Genetics may reveal cause of cancer cluster

LITTLE ROCK - An Arkansas doctor is hoping a study of genetic factors reveals the cause of a cancer cluster in Fallon, Nev., that has sickened 16 children with leukemia since 2000, killing three.

The cause of the cluster is unknown despite exhaustive studies, including one by the Centers for Disease Control and Prevention that found higher-than-normal concentrations of arsenic, antimony, tungsten, cobalt and uranium in the northern Nevada town of 7,500. But the CDC found no single cause for the leukemias.

With $224,000 from the U.S. Environmental Protection Agency, Dr. Jill James of the Arkansas Children's Hospital Research Institute hopes to build on the CDC study and focus her work on any genetic causes for the cluster.

"We're interested in individual genetic profiles, whether they could interact with these metals to increase the cancer," James said. "All of the Fallon residents were exposed to the same stuff. What's different about the kids who got leukemia than the families who did not? What's changed, because these metals have presumably been there forever."

The reason the metals are interesting is because they all independently will cause damage to DNA. James said she's researching whether the metals combined reach a threshold that might trigger leukemia.

She also plans to look at the mothers of the children who had the disease, including their diet, genetics, and metabolism to see if the sick children were exposed to something before they were born.

"When a cancer occurs that early, there may be some prenatal exposure," James said. "Most cancers take time to develop. What we're really looking at is whether exposures during pregnancy could interact with the genetics."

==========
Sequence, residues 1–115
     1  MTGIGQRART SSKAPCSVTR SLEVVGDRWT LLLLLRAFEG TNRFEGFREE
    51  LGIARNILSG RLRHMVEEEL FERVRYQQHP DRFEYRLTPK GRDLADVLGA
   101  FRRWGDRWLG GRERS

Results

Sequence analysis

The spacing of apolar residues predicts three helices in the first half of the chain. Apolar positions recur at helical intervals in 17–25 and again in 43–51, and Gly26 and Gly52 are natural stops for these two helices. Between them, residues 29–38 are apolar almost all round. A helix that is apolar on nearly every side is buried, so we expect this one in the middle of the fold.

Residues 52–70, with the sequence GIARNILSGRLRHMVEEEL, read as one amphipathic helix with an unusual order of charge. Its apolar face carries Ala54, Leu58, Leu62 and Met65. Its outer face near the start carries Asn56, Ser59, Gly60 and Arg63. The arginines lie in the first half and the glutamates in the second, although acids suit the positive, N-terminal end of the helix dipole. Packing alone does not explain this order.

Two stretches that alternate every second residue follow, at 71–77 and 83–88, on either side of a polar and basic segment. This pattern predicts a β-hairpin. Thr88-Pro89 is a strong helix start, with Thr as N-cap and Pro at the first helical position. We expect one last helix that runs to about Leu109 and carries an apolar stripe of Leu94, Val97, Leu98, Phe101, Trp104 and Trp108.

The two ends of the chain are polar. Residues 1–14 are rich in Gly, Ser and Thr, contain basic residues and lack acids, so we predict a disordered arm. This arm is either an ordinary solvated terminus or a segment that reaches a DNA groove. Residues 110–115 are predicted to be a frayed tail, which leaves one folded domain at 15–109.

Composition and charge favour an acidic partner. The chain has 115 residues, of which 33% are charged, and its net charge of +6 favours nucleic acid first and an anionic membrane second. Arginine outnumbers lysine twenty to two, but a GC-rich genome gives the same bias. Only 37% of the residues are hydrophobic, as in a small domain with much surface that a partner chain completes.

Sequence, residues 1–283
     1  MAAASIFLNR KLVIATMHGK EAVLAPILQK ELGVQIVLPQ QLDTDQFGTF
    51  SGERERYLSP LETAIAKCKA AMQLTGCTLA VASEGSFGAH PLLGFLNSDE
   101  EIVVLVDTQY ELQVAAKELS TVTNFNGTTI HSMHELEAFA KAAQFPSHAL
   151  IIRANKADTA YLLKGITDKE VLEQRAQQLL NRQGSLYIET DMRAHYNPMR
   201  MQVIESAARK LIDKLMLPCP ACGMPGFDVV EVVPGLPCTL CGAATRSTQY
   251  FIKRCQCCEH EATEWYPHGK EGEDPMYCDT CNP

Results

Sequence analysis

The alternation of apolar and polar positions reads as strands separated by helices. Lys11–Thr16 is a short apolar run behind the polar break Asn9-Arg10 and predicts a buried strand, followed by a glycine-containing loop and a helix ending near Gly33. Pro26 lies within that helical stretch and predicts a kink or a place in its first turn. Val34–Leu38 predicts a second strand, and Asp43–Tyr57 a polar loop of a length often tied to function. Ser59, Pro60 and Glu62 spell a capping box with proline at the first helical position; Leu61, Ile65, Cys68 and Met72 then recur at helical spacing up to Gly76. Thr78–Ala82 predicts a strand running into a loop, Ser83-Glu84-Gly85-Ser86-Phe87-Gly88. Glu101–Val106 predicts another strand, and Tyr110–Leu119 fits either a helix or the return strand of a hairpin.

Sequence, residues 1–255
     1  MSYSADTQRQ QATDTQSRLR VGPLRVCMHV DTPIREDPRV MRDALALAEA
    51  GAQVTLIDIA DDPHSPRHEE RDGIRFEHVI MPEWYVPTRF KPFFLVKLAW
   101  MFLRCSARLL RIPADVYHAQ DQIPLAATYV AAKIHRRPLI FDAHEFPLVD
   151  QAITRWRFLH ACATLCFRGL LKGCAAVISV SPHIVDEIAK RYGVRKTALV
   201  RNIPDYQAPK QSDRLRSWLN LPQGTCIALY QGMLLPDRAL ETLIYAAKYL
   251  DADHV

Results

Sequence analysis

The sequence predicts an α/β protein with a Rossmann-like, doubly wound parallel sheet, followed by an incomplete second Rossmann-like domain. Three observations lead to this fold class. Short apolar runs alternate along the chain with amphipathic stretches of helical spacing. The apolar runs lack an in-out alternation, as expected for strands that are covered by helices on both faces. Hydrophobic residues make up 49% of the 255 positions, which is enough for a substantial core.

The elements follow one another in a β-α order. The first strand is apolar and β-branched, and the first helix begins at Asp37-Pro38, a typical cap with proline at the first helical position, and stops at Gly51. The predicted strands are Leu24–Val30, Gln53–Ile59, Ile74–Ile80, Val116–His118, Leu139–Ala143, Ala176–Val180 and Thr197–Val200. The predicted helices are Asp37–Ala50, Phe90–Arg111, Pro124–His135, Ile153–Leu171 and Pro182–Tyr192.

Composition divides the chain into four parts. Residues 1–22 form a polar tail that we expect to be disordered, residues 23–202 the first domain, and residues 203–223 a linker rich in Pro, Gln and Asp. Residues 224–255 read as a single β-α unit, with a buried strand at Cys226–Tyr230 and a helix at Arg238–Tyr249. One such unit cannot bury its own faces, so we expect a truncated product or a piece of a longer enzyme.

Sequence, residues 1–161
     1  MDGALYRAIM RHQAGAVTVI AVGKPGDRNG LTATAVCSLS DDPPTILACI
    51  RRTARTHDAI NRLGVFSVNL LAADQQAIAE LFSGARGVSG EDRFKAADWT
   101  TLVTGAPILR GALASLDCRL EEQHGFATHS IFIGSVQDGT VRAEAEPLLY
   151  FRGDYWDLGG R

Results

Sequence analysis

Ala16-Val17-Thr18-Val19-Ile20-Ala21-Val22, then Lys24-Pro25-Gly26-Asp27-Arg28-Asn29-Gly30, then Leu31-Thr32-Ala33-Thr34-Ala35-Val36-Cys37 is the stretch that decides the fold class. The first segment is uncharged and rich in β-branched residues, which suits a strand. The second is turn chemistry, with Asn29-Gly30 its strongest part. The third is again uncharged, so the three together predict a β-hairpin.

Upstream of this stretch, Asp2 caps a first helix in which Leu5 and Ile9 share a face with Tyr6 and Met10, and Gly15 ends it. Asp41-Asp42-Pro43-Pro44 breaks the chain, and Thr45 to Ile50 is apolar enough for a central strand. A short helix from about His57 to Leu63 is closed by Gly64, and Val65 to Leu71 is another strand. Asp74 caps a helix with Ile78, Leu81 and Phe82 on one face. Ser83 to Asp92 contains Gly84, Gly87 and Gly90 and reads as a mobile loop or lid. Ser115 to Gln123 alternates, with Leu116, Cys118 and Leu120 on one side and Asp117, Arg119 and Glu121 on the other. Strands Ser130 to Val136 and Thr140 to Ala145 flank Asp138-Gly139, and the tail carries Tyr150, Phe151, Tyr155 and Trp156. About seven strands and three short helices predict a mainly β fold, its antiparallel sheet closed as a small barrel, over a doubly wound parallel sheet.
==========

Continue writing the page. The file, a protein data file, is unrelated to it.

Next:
The Arkansas researchers will take blood samples from the Fallon families with children who have leukemia and two control groups: One of Fallon families without health problems but who were also exposed to the metals and one of Arkansas families who have not been exposed to the metals.

The study is to begin by the end of the summer. James hopes to look at the genetic factors before the end of the year. Other aspects of the study might take longer, she said.

James said the CDC study may not have provided answers for the affected families because it was population-based. She hopes her individual-based research may provide the answers.

"We're coming in at the individual level to try to help, to at least help the families feel that the focus on them has been looked at," James said.

There are some problems with the individual approach though, James said.

"Unless we are really right about the genetic susceptibility factors and it just comes back really strong, we may not get statistical significance," James said.

U.S. Sen. Harry Reid, D-Nev., helped secure the money through the University of Nevada at Reno for James' study. The Arkansas research institute was chosen because of its work with cancer and birth defects.

"It is critically important to harness the expertise of outside specialists to investigate the cluster, and the retention of Dr. James is an important step in this effort," Reid said.

"The families deserve no less than the most skilled of eyes to find clues to the cause of the cluster."


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